Whole Foods at the center of a sugar scandal

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Whole Foods 365 Yogurt Scandal(NaturalHealth365) Most people think that food labels are a helpful tool when you’re trying to eat healthy or lose weight. Packaged foods appear to have easy-to-read facts such as ingredients, calorie and nutrient content. But what if the label is lying to you?

This happened recently, according to class action lawsuits in California, New York, and Pennsylvania. The lawsuits allege that the label on Whole Foods’ 365 Everyday Value Nonfat Plain Greek Yogurt claims that it has 2 grams of sugar – while it really has 11.2 grams.

How Whole Foods got caught, and more layers to the scandal

According to Chas Jackson, the lead plaintiff in the California lawsuit, watchdog groups took notice when they realized that even unsweetened yogurt has more sugar than the 2 grams listed on the label of Whole Foods’ yogurt. Upon testing the yogurt, they discovered that the true sugar content was nearly six times the amount listed on the label.

The scandal is more shocking because Whole Foods appears to have been aware of the yogurt’s true sugar content from the beginning. According to a statement on the company’s website, a “Private Label registered dietitian reviews each nutrition label for accuracy and completeness before the label is printed.”

Is 11.2 grams really a significant amount of sugar?

To the uneducated consumer, this amount of sugar may not sound like much, but it is if you’re watching your sugar intake. The World Health Organization (WHO) currently recommends keeping your sugar intake to no more than 10 percent of your total calories, or 50 grams per day if you eat 2,000 calories a day. Soon, the WHO may slash this limit in half, to 25 grams a day, because of its effects on weight and health.

A single yogurt from Whole Foods would provide 45 percent of your total daily limit of sugars. That’s substantial, especially considering that most people consider Greek yogurt to be a ‘health food’. By the way, in comparison, an ice cream sandwich has 13 grams of sugar.

How do consumers want to resolve this food labeling fraud?

For starters, I would think, that consumers expect to see the following basic changes:

Be honest: Whole Foods, or any other grocery store for that matter, ought to publicly recognize any errors and remove all inaccurately labeled foods items from their shelves.

100% accuracy: If a product has high sugar content – label it. Don’t fudge the numbers in an effort to deceive consumers and sell more products.

Stop overcharging for food: Especially if a product like 365 Greek yogurt has been cheapened with high sugar content and a lack of quality ingredients.

The Whole Foods yogurt scandal is NOT the end – it’s only the beginning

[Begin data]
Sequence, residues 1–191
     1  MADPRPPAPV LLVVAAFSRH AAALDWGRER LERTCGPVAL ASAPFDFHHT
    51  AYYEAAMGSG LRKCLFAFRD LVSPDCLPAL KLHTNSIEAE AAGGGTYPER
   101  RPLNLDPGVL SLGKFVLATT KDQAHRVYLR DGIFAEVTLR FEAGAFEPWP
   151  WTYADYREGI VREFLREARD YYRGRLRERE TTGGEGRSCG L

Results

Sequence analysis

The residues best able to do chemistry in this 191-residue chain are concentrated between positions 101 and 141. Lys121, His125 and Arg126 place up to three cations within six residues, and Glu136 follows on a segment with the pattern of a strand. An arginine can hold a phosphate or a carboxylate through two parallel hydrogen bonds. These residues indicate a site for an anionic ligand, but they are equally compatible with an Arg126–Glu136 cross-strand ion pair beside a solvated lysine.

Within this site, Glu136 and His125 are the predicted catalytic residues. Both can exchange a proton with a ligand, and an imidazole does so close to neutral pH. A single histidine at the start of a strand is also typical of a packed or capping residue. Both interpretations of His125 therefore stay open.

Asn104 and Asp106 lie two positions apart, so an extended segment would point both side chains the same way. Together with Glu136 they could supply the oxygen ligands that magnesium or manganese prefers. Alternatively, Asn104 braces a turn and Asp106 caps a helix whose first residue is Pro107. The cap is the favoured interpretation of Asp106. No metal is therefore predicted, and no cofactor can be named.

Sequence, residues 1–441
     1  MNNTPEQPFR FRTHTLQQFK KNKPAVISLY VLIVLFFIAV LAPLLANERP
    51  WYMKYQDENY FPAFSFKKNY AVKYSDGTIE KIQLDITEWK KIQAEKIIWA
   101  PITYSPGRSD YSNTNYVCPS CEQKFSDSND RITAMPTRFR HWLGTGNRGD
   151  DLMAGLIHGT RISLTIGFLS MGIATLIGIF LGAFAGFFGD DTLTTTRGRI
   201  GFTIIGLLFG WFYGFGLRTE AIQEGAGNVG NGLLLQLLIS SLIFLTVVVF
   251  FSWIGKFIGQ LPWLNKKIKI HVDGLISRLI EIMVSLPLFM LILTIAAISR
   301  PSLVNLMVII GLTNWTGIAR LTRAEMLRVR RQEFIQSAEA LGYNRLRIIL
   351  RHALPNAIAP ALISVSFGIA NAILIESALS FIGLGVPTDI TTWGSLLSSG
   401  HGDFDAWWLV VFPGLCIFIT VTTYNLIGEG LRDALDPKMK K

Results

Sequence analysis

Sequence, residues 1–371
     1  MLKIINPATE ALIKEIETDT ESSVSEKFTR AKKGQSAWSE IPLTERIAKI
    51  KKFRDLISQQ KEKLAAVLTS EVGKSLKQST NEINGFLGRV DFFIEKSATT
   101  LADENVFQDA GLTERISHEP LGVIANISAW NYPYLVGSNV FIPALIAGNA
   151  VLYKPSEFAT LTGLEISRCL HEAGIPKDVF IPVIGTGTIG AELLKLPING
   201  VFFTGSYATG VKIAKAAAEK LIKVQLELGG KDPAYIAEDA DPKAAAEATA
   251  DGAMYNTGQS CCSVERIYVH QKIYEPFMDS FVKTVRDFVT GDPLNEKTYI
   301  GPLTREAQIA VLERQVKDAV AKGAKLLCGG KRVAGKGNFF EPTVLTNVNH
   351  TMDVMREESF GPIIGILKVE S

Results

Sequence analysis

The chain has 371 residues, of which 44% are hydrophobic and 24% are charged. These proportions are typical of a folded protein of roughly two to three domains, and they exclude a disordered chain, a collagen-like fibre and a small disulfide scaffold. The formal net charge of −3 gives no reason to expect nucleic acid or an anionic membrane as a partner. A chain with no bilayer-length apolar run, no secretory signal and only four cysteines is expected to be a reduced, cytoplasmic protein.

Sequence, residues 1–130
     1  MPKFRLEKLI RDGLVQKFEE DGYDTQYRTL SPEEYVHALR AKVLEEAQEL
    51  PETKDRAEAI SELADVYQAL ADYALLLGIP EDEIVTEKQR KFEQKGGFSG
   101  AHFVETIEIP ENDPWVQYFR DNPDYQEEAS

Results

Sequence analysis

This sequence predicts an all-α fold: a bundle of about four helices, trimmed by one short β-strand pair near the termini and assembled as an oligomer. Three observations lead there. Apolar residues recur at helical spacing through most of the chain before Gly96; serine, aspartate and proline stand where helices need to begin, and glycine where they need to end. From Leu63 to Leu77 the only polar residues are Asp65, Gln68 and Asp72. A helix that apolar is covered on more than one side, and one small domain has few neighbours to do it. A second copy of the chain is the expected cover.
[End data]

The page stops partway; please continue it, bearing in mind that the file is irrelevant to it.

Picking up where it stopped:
Unfortunately, food scandals will continue to plague large scale food suppliers as they fail to provide corporate integrity and transparency to an ever-growing conscious consumer market. So, how do we protect ourselves from fraudulent food labeling practices?

Well, obviously, growing your own food is the best option – but not everyone has the ability to do this right away. One of my favorite activities, with my wife, is traveling to the local farmers market and getting to know the local suppliers of high-quality (organic) food and personal care products. It’s simply an amazing experience – great people, the finest ingredients and a great way to support local, eco-friendly businesses.

Our promise: NaturalHealth365 will continue its educational efforts – highlighting the value of natural solutions for everyday problems. Just remember, when it comes to choosing high-quality food items, always ask questions, educate yourself and make informed decisions about every purchase.

Jonathan LandsmanAbout the author: Jonathan Landsman is the host of NaturalHealth365.com, the NaturalNews Talk Hour – a free, weekly health show and the NaturalNews Inner Circle – a monthly subscription to the brightest minds in natural health and healing.

Reaching hundreds of thousands of people, worldwide, as a personal health consultant, writer and radio talk show host – Jonathan has been educating the public on the health benefits of an organic (non-GMO) diet along with high-quality supplementation and healthy lifestyle habits including exercise and meditation.

References:
http://www.cnn.com/2014/03/06/health/who-sugar-guidelines/index.html
http://www.courthousenews.com/2014/08/29/70891.htm
http://www.wholefoodsmarket.com/about-our-products/product-faq/ingredients
http://articles.philly.com/2014-08-13/news/52732913_1_whole-foods-greek-yogurt-consumer-reports

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  • Lisa

    Wow, another Whole Foods’ scandal. Yes, I mean scandal they have been caught in so many lies, it’s hard to justify shopping for wholefoods from Whole Foods.

    The bulk bins contain many organic seeds and grains labeled from china. Unless they send inspection teams to China the consumer has no idea of what they are buying.

    The one thing I know for sure is I will be charged exorbitant prices for the products I buy at their stores.

  • A new Whole Foods opened in my town last week. First thing I saw upon entering was a BAR. Seriously – two young men serving beer on tap, a big screen TV, and loud rock music. Personally I don’t see how that is congruent with their “philosophy”. I guess old baby boomer health food nuts like myself are no longer their target audience.

  • Nancy Rubino

    Whole Foods had the right idea when they started the quest to bring healthy food to the consumer. After a while profit became the motivating factor and ethics was left on the boardroom table.